Earlier this week, J. Cole celebrated his 29th birthday in the usual way: a concert at Madison Square Garden. A ceremony, during which one of his idols gifted him his original Roc A Fella chain. And by beginning his own vanity label, Dreamville Records, through Beats By Dre-fattened megalith Interscope (the same label that hosts TDE and his competitive peer Kendrick Lamar).
OK, so maybe this wasn't the usual birthday experience. Cole world, though, feels like a more substantial universe of late, particularly since Cole blew past expectations, outselling Kanye West (he has still sold more copies of Born Sinner than Kanye has Yeezus) with an album that not only provided two of the year's strongest radio singles, but cultivated a consistent sound that pleased longtime fans. Yet Cole remains an underdog; Kanye's album inspired hundreds of thinkpieces and reams of analysis upon its release, while Cole's project received cursory waves; bad boys, it seems, aren't the only ones who move in silence.
Jay's on-stage presentation at Cole's performance of his original Roc chain is likely to shut down naysayers who've joked about Jay's support of his Roc Nation signee being half-hearted (hip-hop message board Boxden had a thread offering money for a picture of the two together. Now it has three about Cole's recent chaining.) But Cole does still have peaks yet to climb; one substantial one is his contemporary, Kendrick Lamar, who shot past Cole (and on the strength of one of his beats!) to acclaim, fame, and fortune.
Of course, comparing any contemporary rapper to Kendrick Lamar is an unfair bar to set; he's one of only four new rappers to sell more than a million copies in the past five years. And until Cole hits that plateau, he's still hip-hop's little engine that could, an MC whose ear has captured the attention of a substantial subset of the hip hop world, a traditionalist who evades being pegged as a retro act by dint of his highly personal, earnest story. But Jay's most recent cosign was still a major symbolic moment for a rapper in a career full of them. In hip-hop's subliminal Cold War (Cole War?), it was also a warning of more to come. Being the low-key sideline story makes it difficult to trumpet your achievements. But considering it happened just as Cole became the boss of his own label—a feat Kendrick, a mere employee of the TDE empire, has yet to attain—it's becoming apparent that 2014 is set up to be a big one for Jermaine.
To be fair, the proof is still in the pudding. His label is a vanity project until proven otherwise.
Not that Cole's critics are liable to fold. If anything, in their eyes, this week's events only reinforce the idea that Cole is a hip-hop fan first and foremost, a rapper so taken with the idea of being among the greats that he couldn't compete on their level: to them, the Jay cosign is further evidence for the prosecution. Even heading his own label could be perceived as checking off an obligation for the aspiring legend: all of the best rappers, the thinking goes, were entrepreneurs too. And to be fair, the proof is still in the pudding. His label is a vanity project until proven otherwise.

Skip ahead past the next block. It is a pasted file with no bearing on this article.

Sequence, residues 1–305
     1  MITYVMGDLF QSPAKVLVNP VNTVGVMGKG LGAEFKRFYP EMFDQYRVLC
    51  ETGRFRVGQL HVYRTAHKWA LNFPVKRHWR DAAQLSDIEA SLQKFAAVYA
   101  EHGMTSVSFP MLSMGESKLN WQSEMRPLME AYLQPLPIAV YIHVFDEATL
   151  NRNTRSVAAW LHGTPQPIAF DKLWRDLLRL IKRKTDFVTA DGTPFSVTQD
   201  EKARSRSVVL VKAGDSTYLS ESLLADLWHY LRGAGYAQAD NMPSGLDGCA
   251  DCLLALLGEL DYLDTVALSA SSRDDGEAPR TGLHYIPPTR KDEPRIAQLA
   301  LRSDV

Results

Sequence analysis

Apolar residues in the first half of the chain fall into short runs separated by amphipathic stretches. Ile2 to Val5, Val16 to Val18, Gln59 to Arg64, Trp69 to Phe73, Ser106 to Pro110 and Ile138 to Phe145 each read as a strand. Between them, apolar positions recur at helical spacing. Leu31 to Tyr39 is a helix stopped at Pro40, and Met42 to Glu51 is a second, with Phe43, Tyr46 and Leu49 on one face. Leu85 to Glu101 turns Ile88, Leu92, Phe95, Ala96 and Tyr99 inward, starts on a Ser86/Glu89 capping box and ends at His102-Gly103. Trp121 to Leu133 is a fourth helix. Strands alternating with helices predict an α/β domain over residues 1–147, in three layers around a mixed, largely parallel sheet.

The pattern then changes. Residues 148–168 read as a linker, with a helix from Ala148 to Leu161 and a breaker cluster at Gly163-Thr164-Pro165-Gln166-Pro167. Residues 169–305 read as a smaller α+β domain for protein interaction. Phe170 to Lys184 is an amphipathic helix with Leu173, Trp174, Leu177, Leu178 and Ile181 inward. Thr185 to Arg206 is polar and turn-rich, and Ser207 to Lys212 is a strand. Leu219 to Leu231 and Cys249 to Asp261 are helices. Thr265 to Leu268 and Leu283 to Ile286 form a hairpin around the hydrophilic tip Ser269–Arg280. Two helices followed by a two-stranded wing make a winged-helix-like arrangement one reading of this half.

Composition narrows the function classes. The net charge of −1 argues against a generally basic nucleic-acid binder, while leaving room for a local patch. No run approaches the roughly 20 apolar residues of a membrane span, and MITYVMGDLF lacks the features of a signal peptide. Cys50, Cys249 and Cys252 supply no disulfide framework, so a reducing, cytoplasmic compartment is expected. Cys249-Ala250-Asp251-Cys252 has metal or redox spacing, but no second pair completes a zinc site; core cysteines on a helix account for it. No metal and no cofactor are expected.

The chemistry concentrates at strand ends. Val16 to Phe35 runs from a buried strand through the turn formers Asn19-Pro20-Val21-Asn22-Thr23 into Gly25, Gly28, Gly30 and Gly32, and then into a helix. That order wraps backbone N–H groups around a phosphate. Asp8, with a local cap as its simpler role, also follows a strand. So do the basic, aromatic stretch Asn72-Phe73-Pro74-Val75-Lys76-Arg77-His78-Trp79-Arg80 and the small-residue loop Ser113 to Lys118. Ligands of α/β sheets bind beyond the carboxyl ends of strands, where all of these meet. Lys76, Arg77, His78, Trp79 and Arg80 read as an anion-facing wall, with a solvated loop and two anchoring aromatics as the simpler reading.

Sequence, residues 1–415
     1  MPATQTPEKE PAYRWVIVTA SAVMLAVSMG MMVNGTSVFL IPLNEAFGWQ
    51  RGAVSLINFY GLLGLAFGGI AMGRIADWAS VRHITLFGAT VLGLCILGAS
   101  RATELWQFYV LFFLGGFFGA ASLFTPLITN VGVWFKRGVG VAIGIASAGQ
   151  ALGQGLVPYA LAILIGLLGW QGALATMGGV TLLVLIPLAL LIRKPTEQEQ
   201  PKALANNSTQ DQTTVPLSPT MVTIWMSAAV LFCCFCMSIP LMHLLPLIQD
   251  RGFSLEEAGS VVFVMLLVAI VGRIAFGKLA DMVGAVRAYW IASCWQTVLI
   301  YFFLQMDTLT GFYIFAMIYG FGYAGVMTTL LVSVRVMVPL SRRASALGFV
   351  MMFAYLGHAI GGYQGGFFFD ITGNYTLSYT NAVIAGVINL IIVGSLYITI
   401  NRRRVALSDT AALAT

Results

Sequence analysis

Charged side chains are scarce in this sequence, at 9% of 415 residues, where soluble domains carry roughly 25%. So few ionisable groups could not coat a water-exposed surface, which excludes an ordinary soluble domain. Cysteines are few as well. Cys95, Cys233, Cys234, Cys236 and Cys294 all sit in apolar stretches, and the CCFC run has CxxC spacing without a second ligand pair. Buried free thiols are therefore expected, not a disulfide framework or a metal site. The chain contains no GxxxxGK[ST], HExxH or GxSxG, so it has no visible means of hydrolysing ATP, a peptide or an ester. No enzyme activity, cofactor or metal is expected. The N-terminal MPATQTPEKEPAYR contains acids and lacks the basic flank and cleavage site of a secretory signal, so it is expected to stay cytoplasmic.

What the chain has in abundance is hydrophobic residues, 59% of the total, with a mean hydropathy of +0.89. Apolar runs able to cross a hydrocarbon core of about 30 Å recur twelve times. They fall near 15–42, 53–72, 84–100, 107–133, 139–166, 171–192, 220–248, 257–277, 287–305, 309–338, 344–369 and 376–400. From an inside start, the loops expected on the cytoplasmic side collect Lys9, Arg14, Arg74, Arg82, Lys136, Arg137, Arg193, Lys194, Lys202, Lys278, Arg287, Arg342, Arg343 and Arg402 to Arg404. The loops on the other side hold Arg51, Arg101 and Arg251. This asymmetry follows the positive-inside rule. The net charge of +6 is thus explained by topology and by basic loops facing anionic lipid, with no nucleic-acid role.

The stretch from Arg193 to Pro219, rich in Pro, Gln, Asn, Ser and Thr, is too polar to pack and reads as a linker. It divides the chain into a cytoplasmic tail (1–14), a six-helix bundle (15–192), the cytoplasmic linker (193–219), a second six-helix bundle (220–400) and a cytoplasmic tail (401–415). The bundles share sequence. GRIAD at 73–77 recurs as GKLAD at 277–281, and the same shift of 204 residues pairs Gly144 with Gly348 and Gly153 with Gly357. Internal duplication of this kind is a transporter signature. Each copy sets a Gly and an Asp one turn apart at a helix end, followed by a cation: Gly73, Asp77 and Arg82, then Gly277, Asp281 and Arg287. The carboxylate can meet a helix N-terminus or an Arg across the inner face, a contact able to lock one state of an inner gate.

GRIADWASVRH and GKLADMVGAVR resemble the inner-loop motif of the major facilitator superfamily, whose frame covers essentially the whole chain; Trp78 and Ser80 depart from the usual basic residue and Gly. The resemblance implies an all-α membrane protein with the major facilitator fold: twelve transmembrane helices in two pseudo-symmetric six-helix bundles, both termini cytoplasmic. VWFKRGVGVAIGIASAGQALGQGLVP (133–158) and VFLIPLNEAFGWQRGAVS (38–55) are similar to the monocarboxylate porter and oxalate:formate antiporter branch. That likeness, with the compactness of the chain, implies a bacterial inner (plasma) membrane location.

But critics who harp too heavily on this are liable to end up not just disappointed, but frustrated. Contrary to the typical line that he's a boring rapper, his continued success has only further trolled those who think he fails to live up to the lofty standards set by earlier generations. He'd be wise to follow in Drake's footsteps, in this sense. The more like himself Cole is—the more he plays the humble, underdog MC, like the beauty contestant who's "just happy to be here"—the more untouchable he is.
Although Cole often pays deference to the East Coast MCs whose detached, controlled, narrative styles embraced the poetic and conceptual possibilities of hip-hop, ironically, his own rhetorical style is radically different. He can spit, but the purpose of his verses isn't densely written stanzas or hyper-technical fireworks. Unlike Lupe Fiasco—a monster technician himself, who misunderstood his own appeal and fell down a rabbit hole of agit-prop and smarter-than-thou complexity—Cole has stuck to his subjective, first-person guns, with highly personal stories and a complete lack of presumptuousness. He's managed the high wire act of being both self-effacing and confident in his role.
His fans may be increasingly frustrated by the lack of respect he's received in the industry. But the moment he receives the acclaim he's working for will be the moment his arc has peaked. Cole has built his career the hard way, an aesthetic conservative who has nonetheless had a deeper understanding of what his audience was seeking than the vast majority of his peers, one who recognized that relatability and identification could prove a powerful engine in an era when the music business—like so many others—requires a long, sustained grind, rather than a quick fix. Unlike much of his competition, whose stories become distant once they reach rarefied air, Cole's made a theater out of remaining true to himself.